Sundance 2014: David Wain spoofs rom-coms in “They Came Together”
Glenn Close from the movie “Low Down.”(Jay L. Clendenin/Los Angeles Times)
Actress Maggie Gyllenhaal, with the film “Frank.”(Jay L. Clendenin/Los Angeles Times)
The film “Wet Hot American Summer” is now something of a Sundance prototype, an unexpected surprise that seemed to catch many young talents at the beginning of their careers. When it played Sundance in 2001, such performers as Bradley Cooper, Elizabeth Banks, Paul Rudd and Amy Poehler were far from household names. The film was the feature directing debut for David Wain, who also co-wrote the script with Michael Showalter.
Wain is back in Park City this week for the world premiere Friday night of “They Came Together,” again co-wriitten with Showalter. Starring Rudd and Poehler along with a few other “Wet Hot” alum and newer faces such as Cobie Smulders and Max Greenfield, the film gleefully lifts the bones of the storyline to “The Shop Around The Corner” and “You’ve Got Mail” in spoofing romantic comedies. Poehler runs a small candy store in New York City that becomes threatened by the candy conglomerate Rudd works for. Without knowing their opposing positions, they meet and fall for each other.
“They Came Together” looks like it does for romantic comedies what “Wet Hot American Summer” did to the summer-camp movie, equal parts affectionate and knowing jab while also making space for oddball asides.
“I don’t know that we were thinking in exactly those terms,” said Wain of whether the new film was a conscious follow-up. “I think we were saying we just wanted to do our look at rom-coms, a ‘Mad Magazine’ look at rom-coms, doing something in that genre in our voice. And certainly ‘Wet Hot American Summer’ is an example of doing something in our voice.”
Wain and Showalter wrote the original story many years ago when they were pitching ideas as a follow-up to “Wet Hot American Summer.” Then a couple of years ago when they did a radio-show reading of “Wet Hot” at the San Francisco Sketchfest comedy festival with much of the original cast, the next morning they also did a reading of “They Came Together.” They partly just wanted to hear aloud the project that had long been on the shelf, but everyone liked it so much they decided to focus on it anew.
The film was shot in summer 2012 based around the extremely busy schedules of Poehler and Rudd. Then because of Wain’s schedule with his television show “Children’s Hospital” he had to postpone finishing the film until recently.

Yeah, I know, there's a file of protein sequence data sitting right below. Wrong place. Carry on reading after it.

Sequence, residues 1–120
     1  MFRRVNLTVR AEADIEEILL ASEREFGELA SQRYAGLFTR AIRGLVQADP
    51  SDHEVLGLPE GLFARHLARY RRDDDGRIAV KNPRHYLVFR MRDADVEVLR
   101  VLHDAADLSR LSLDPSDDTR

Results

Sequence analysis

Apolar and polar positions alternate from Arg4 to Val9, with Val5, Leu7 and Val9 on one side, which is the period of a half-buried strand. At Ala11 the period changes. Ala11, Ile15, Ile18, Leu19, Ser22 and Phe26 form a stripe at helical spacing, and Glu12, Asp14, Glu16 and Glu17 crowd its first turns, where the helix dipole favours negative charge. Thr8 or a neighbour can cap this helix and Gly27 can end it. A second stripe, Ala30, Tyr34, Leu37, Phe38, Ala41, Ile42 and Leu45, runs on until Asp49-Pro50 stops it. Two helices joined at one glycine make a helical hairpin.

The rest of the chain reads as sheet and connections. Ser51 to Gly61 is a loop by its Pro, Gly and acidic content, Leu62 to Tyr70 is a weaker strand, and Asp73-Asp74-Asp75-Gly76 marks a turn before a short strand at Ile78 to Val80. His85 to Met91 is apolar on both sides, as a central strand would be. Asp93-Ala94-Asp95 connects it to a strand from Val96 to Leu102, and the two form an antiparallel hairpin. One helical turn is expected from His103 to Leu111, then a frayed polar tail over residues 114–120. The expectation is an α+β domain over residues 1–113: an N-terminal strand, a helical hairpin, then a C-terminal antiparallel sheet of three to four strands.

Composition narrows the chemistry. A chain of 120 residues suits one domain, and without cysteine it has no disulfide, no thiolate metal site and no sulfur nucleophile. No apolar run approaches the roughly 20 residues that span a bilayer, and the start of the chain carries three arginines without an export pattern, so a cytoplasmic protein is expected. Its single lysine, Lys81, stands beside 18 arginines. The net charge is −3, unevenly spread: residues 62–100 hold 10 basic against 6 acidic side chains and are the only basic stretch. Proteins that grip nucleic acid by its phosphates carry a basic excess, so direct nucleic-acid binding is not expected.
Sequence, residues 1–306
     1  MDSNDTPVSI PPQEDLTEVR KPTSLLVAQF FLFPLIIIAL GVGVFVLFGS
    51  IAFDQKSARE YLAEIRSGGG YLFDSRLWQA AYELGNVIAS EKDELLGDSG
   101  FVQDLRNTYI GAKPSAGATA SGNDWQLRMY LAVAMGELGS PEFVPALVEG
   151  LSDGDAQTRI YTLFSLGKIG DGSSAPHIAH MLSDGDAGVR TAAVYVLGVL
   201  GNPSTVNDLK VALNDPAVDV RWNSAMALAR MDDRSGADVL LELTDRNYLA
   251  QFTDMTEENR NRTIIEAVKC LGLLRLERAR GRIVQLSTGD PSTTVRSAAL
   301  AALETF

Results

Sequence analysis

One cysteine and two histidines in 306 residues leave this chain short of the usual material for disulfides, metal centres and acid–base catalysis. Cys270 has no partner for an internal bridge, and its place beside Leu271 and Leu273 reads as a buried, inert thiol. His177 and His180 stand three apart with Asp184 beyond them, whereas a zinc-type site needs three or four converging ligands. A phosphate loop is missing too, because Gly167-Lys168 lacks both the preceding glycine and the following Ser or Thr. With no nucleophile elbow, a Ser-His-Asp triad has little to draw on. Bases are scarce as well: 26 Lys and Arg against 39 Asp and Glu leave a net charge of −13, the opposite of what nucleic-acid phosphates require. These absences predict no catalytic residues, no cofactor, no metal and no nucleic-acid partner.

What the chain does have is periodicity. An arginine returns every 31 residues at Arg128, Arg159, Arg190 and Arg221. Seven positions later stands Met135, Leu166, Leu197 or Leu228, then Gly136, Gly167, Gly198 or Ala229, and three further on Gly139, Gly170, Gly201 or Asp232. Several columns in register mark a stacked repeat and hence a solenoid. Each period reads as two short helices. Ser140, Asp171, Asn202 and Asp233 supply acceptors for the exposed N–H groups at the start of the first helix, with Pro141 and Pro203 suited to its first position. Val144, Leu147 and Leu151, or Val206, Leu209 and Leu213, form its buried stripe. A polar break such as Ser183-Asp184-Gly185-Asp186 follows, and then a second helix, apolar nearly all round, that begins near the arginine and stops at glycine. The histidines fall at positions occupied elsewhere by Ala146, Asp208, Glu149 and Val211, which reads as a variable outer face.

Among the most frequent questions now in Sundance Q&As, especially at comedies, is how much improvisation was done in making the film, because in the post-Apatow world, many filmmakers let their actors riff off-script to see what funny one-liners emerge.
“Perhaps compared to some of our peers, we are actually less improv-oriented than it may seem,” said Wain. “Actually on a movie like this, as on ‘Wet Hot American Summer,’ we’re working on such a tight budget and schedule, we don’t have time for the kinds of improvs that have become fashionable in comedy films lately… We did some of that, but we had to do a lot of decision-making, ‘you know what, what’s on the page is good and we gotta keep going.’ ”
Among the hurdles facing Wain and “They Came Together” is that potential audiences may arrive thinking they are seeing a straightforward romantic comedy starring Paul Rudd and Amy Poehler. One day of reshoots were done to create a framing device in which Rudd and Poehler’s characters tell another couple (Bill Hader, Ellie Kemper) their story over dinner, positioning the film more clearly, as Wain put it, “in quotes.”
“It does create a challenge for us to not mislead an audience into thinking it’s a quote-unquote real romantic comedy,” he said. “Paul and Amy easily could star in a legitimate romantic comedy.
“Ultimately the goal is not to make a statement about genre or anything like that. The goal is to entertain and make people laugh and tell a fun story. And the guiding principle to that end was that we really do on some level follow and get involved in the relationship. And I think the way you do that is casting Paul Rudd and Amy Poehler. For my money it really does both, it undercuts it while also allowing you to root for them to get together.”
Follow Mark Olsen on Twitter: @IndieFocus
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